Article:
Lively Dan Leavy states his case for inclusion against New Zealand

Lively Dan Leavy states his case for inclusion against New Zealand

Lively Dan Leavy states his case for inclusion against New Zealand

By Brendan O’Brien

The mantra all last week was that the All Blacks was a concern for another day.

The only time New Zealand was allowed elbow its way into conversation prior to Saturday’s arm wrestle with the Pumas was Greg Feek’s consideration of perceptions about Ireland back in his homeland.

Ireland’s Kiwi scrum coach obliged with the kind of ‘Jeez, people think Ireland are great’ line that some continue to lap up but that was more or less it from within the ‘bubble’ in terms of the world champions.

It came as a surprise then to learn after this perplexing 28-17 defeat of Argentina that Mr Focus himself, Joe Schmidt, had snaffled a glimpse of New Zealand’s game against England in Twickenham before leaving for the Aviva Stadium.

That’s the kind of morsel that fits too neatly into the theoretical narrative that maybe, for all Ireland’s insistence on ‘one game at a time’, there was a sub-conscious glance ahead to the game everyone has been salivating over in this November window.

If that was the case then Dan Leavy can plead not guilty.

“I was in my room kinda messing around and then I was stretching and doing some core activation, things like that,” said the Leinster flanker when asked if he had been tempted to digest some of the events from London.

“I just think that’s going to happen. It was irrelevant to our fixture. It was Argentina in hand. We can go look at the All Blacks now. I just didn’t want that to cloud my preparation for the game.”

Whatever the preparation – and Leavy has spoken in detail about the Pilates, sea swims and other extras he does to keep in prime condition – it paid off for him on a day when he was an earlier-than-expected replacement for the unfortunate Sean O’Brien.

Leavy was immense. In a game where forwards had to scrape and scrap for inches, he was eating up yards by the chunk. His 11 carries for 38 metres boiled down to almost 3.5 metres a go. Ireland’s next best was the irrepressible James Ryan whose average was just 1.6.

Add in seven tackles and a clean turnover and it amounted to an impressive body of work in just over 40 minutes of rugby. But then there was previous here stretching back to February when he replaced the stricken Josh van der Flier in Paris.

Leavy’s effort in the Stade de France then earned him the start at openside for the rest of the Grand Slam-winning Six Nations campaign. The consistency of such excellence has been matched only by the matter-of-fact manner in which he discusses them.

“I tried to fit into the game as quickly as I could. It was very physical, a big Argie team. We knew how dangerous they were on counter-attack so we had to keep alive for the whole game. I thought we did well in the second half to pin them down, we got our scores, applied pressure and kept playing the game down there. We did well in the second half.”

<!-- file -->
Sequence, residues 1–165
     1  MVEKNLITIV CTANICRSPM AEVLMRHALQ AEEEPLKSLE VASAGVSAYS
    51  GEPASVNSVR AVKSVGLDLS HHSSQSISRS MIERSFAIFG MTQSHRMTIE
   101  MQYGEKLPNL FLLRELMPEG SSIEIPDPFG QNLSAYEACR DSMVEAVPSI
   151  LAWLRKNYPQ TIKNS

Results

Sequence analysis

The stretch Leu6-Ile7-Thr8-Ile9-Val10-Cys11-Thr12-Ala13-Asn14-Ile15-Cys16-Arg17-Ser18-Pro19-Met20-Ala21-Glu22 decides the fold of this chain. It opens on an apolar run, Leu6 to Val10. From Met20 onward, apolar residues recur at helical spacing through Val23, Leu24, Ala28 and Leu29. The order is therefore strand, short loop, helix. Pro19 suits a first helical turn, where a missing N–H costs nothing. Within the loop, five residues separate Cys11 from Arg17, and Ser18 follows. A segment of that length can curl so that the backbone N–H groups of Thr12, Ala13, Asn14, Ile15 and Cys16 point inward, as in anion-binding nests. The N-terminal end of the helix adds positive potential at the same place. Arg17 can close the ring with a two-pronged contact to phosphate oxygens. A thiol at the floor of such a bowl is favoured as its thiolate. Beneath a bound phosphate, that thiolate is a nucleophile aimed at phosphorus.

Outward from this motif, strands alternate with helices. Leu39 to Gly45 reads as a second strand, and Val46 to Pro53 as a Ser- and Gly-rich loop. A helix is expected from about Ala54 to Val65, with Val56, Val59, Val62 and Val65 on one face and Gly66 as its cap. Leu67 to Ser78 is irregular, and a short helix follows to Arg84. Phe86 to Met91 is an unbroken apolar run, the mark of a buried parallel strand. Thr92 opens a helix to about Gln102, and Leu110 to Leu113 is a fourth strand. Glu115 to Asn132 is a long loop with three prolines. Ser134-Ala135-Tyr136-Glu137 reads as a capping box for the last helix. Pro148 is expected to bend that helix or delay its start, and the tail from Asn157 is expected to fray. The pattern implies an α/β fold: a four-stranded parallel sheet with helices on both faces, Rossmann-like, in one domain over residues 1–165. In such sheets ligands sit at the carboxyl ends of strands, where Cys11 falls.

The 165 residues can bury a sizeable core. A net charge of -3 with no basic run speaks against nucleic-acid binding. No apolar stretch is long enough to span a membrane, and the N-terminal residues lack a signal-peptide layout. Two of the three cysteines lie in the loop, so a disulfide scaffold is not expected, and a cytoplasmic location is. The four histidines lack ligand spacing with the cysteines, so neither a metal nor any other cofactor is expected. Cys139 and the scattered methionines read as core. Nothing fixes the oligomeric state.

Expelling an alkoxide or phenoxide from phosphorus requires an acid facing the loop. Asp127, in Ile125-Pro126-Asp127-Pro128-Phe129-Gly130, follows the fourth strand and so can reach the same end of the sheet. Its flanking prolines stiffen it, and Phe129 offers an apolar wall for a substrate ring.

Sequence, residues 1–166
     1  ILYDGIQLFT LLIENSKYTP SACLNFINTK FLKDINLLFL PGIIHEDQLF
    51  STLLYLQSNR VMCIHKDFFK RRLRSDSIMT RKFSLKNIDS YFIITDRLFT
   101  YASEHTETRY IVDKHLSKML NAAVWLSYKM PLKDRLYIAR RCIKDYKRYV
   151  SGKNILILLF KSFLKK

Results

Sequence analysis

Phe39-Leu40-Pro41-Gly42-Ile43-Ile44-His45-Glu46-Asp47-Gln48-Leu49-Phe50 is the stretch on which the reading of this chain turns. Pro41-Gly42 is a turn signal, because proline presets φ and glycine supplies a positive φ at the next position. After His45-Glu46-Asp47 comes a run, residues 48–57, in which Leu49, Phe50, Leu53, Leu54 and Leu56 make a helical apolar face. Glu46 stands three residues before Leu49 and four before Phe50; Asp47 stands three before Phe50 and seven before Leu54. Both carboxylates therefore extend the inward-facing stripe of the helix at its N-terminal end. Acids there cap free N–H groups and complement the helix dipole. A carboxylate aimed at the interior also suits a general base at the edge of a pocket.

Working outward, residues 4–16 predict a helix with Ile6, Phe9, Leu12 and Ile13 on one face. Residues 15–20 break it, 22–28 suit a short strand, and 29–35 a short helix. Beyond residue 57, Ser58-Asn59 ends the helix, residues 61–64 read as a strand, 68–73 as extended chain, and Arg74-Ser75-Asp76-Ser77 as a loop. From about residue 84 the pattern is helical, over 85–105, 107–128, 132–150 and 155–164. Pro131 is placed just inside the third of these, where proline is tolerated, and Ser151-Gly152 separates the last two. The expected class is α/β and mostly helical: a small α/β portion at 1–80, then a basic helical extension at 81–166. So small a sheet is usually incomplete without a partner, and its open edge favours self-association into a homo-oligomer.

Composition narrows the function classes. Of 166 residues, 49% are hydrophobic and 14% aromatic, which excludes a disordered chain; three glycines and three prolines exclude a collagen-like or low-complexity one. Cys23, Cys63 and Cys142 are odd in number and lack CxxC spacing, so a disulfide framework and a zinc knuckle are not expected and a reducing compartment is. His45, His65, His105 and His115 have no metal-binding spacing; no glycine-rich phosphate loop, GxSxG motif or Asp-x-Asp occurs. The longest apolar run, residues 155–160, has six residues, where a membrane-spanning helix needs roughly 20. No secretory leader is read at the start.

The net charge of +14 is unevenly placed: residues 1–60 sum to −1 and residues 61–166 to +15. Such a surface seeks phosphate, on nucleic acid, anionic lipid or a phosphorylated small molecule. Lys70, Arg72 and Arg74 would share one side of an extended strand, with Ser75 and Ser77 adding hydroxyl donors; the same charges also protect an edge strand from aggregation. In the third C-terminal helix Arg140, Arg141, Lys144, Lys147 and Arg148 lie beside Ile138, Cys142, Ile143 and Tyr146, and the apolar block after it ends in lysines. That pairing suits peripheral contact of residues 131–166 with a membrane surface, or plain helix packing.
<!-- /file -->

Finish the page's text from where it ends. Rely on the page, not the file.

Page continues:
Leavy’s contribution at the weekend was all the more notable for the months preceding it. A minor shoulder injury delayed his start to his season, so much so that he had just 165 minutes in credit by the time the Test window rolled around.

Named by Schmidt in the initial squad, he was booked on a flight to South Africa for Leinster’s PRO14 fixture with the Southern Kings at a time when half the national squad was making for Chicago and the other half was holed up back at HQ.

“Joe rang me up and said you haven’t played, which was fair enough. I needed to get some 80 minutes under my belt. The other lads, Jordi (Murphy), Josh, Rhys (Ruddock) were all playing well. So he said go to South Africa and play a good 80 minutes, you might get a shot at Argentina but the other guys will be in Chicago. And they all did really well.”

Leavy didn’t arrive back from Port Elizabeth and into camp until the Tuesday evening, missing one of only two pitch training sessions in the week as a result, so he should be well primed for the ‘ABs’ with a full week of prep.

It will be the first meeting between the sides since the 21-9 win for the All Blacks in Dublin 24 months ago when the visitors avenged the loss in Chicago a fortnight before with an intensity of performance that crossed the line at times.

“It’s the top-ranked team versus the second-ranked team so I’d love to play. There’s so many lads, so many variations that could come up... We had a completely different back row (on Saturday) than we did then so there’s a lot of names in the hat.”

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